Jayhawks Live To Fight Another Day

That sound you hear is a gigantic sigh of relief from every single Kansas Jayhawk fan, the coaches and team, after a big scare, Friday night at the Sprint Center in Kansas City.

That sound you hear is a gigantic sigh of relief from every single Kansas Jayhawk fan, the coaches and team, after a big scare, Friday night at the Sprint Center in Kansas City.

That's after Kansas survived in every sense of the word and prevented themselves from becoming the first number one seed to lose to a 16 seed, as they rallied from a halftime deficit to beat Western Kentucky 64-57, in the "second" round of the NCAA Tournament.

"We're happy to advance, but certainly not pleased on how we played," Kansas coach Bill Self said. "Certainly, we know that we'll have to play a lot better on Sunday."

With that, everyone can now turn their attention to their much-anticipated showdown with North Carolina and former KU coach Roy Williams, Sunday afternoon at 4:15.

Before the games began, that clash was all anyone wanted to talk about, but a look inside shows how close the Jayhawks came to making disastrous history.

Western Kentucky shot 21-66 for 32% for the game, but were a woeful 8-39 for 21% in the second half. Couple with a 3-20 night from beyond the arc and Kansas knows that even four or five more made baskets would have resulted in the ultimate upset in tournament history, despite the Hilltoppers still shooting poorly.

"They kind of surprised us with how good they are, to be honest," center Jeff Withey said. "We definitely took them lightly, being a number one seed. They came out and they fought us really hard. We can't let that happen. Thankfully, we got the win and that's all that matters."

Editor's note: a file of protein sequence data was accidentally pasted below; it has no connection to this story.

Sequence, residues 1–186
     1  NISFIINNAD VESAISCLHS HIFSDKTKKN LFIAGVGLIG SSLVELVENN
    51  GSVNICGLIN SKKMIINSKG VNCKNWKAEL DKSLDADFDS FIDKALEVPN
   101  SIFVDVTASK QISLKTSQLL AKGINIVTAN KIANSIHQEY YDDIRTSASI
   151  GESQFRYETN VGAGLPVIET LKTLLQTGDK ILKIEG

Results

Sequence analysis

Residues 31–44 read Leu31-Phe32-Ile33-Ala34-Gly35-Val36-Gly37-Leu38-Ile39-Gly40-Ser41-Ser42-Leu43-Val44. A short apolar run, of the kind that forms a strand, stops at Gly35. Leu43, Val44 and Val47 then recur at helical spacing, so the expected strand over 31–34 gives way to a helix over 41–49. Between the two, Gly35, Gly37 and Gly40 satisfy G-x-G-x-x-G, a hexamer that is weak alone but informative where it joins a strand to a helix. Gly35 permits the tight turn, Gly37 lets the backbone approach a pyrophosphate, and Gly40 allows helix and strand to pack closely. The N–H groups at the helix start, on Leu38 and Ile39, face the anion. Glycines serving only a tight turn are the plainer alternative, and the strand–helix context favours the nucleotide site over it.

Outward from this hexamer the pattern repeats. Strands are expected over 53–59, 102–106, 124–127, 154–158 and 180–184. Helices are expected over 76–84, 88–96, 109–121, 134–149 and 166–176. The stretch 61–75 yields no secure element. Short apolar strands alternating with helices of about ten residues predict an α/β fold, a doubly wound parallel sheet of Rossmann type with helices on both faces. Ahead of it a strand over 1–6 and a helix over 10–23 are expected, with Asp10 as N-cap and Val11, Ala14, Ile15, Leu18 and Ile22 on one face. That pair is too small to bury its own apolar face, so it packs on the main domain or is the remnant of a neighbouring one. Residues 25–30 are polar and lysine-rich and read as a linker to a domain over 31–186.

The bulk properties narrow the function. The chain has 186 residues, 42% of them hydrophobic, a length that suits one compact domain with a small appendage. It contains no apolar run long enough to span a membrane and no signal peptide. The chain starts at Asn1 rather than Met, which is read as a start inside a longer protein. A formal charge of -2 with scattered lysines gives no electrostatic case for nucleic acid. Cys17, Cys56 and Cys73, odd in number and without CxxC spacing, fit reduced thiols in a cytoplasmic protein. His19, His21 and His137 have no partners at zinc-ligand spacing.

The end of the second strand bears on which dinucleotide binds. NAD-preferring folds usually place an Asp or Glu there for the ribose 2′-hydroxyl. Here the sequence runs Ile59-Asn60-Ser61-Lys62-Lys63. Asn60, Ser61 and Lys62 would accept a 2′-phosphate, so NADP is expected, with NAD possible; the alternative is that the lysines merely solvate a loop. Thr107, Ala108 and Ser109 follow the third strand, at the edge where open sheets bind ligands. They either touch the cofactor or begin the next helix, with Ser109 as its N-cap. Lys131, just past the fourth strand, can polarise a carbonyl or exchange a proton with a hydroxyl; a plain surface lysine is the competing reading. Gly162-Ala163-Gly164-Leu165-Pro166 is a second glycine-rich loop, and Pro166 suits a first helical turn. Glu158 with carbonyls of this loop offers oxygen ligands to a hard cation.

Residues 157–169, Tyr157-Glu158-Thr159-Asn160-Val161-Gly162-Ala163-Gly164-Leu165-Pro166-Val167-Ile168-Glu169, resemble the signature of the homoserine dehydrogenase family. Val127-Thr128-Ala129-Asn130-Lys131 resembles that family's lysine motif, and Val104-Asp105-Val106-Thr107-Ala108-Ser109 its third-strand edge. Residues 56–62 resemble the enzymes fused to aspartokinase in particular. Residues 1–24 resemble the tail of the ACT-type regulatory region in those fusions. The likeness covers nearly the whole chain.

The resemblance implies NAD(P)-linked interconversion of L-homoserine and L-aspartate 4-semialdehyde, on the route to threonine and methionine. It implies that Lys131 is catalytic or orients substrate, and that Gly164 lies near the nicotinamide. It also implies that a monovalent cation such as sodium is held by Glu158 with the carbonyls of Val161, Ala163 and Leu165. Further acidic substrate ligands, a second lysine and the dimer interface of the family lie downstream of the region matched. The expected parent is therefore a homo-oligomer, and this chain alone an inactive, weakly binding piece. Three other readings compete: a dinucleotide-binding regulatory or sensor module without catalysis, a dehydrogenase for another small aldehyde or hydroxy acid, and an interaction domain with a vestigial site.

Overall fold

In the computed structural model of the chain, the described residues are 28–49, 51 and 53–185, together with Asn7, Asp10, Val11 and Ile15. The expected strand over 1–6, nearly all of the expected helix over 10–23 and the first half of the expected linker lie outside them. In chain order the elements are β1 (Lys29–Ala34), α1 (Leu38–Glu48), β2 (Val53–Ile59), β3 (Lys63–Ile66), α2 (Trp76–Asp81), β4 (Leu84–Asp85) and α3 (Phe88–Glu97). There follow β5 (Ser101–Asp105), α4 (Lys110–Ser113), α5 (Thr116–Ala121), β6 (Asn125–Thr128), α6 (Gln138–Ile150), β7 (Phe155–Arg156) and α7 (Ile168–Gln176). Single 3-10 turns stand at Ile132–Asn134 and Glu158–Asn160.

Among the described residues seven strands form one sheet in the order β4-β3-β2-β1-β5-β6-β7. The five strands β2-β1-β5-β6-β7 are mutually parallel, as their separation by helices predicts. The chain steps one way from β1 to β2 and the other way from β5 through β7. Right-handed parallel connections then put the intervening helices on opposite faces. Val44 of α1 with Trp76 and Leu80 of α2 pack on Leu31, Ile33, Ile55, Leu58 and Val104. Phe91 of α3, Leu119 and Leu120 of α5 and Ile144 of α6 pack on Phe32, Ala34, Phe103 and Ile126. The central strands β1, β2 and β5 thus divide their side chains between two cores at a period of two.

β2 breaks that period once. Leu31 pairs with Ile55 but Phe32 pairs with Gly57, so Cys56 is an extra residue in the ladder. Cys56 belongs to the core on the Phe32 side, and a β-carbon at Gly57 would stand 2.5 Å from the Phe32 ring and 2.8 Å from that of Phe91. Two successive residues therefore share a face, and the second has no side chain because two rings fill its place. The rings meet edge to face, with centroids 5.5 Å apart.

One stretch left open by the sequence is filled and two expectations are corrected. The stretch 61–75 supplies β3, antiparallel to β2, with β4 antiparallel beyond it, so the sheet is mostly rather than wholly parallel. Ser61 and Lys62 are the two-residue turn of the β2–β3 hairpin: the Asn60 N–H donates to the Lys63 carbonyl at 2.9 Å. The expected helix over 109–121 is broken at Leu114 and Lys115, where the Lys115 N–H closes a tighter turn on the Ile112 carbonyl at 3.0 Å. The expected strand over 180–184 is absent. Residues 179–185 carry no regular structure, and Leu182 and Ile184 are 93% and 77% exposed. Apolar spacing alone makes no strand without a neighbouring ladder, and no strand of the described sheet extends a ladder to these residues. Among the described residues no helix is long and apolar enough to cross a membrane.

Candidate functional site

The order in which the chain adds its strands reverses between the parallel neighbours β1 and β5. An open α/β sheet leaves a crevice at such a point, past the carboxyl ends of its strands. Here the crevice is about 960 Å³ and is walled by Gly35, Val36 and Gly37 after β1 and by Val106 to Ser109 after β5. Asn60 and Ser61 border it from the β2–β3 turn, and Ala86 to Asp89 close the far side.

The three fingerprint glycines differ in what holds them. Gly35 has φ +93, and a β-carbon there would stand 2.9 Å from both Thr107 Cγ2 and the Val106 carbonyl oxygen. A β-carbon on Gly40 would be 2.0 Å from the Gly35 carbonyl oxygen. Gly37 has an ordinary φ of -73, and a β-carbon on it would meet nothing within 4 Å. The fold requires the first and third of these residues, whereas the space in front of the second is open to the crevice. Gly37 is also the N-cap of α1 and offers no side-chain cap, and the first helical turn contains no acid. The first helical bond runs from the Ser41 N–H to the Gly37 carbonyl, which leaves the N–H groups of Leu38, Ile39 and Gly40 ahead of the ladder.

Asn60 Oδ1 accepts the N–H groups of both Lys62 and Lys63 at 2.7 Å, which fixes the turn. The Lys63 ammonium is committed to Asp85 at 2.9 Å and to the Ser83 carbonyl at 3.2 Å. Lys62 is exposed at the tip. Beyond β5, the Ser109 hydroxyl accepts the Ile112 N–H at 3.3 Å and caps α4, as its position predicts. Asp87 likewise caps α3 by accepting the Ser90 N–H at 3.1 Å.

Indeed, down the stretch, as the Jayhawks finally stretched their lead to double figures at just 10 after trailing for most of the first half, they did almost everything to give the game away.

They turned the ball over at will against Western Kentucky's press, totaling 17 for the game to only 10 for WKU. They also lost the rebounding battle 41-35 and were annihilated on the offensive glass to the tune of 18-4, but when all set and done, it's about surviving and advancing and Kansas did just that after providing their faithful with a huge scare to get kick off the tournament.

Withey, one of four seniors on this Kansas team was a big reason for the win. When the team needed something from anyone, he responded, leading the team in scoring with 17 points. He also pulled down five rebounds and blocked seven shots. Combined with Kevin Young's hustle early in the second half, the Jayhawks front line wore down the smaller Hilltoppers.

"We knew we had a size advantage with me and Kevin," Withey said. "We definitely wanted to go inside and establish that, so that was our game plan."

The strategy helped Kansas slowly lengthen their lead, briefly making it to double figures, before holding on for dear life at the end.

However, when they face the Tar Heels, who held off Villanova in the evening's first game, they know that a similar effort could mark the premature end to their promising season, as North Carolina will be looking to avenge last year's Elite Eight loss.

"He (Self) just said that we can't come like that Sunday or else we're going to beat by 20," Withey said. "We've got to know that North Carolina is very capable of beating us and we've got to come ready to play."


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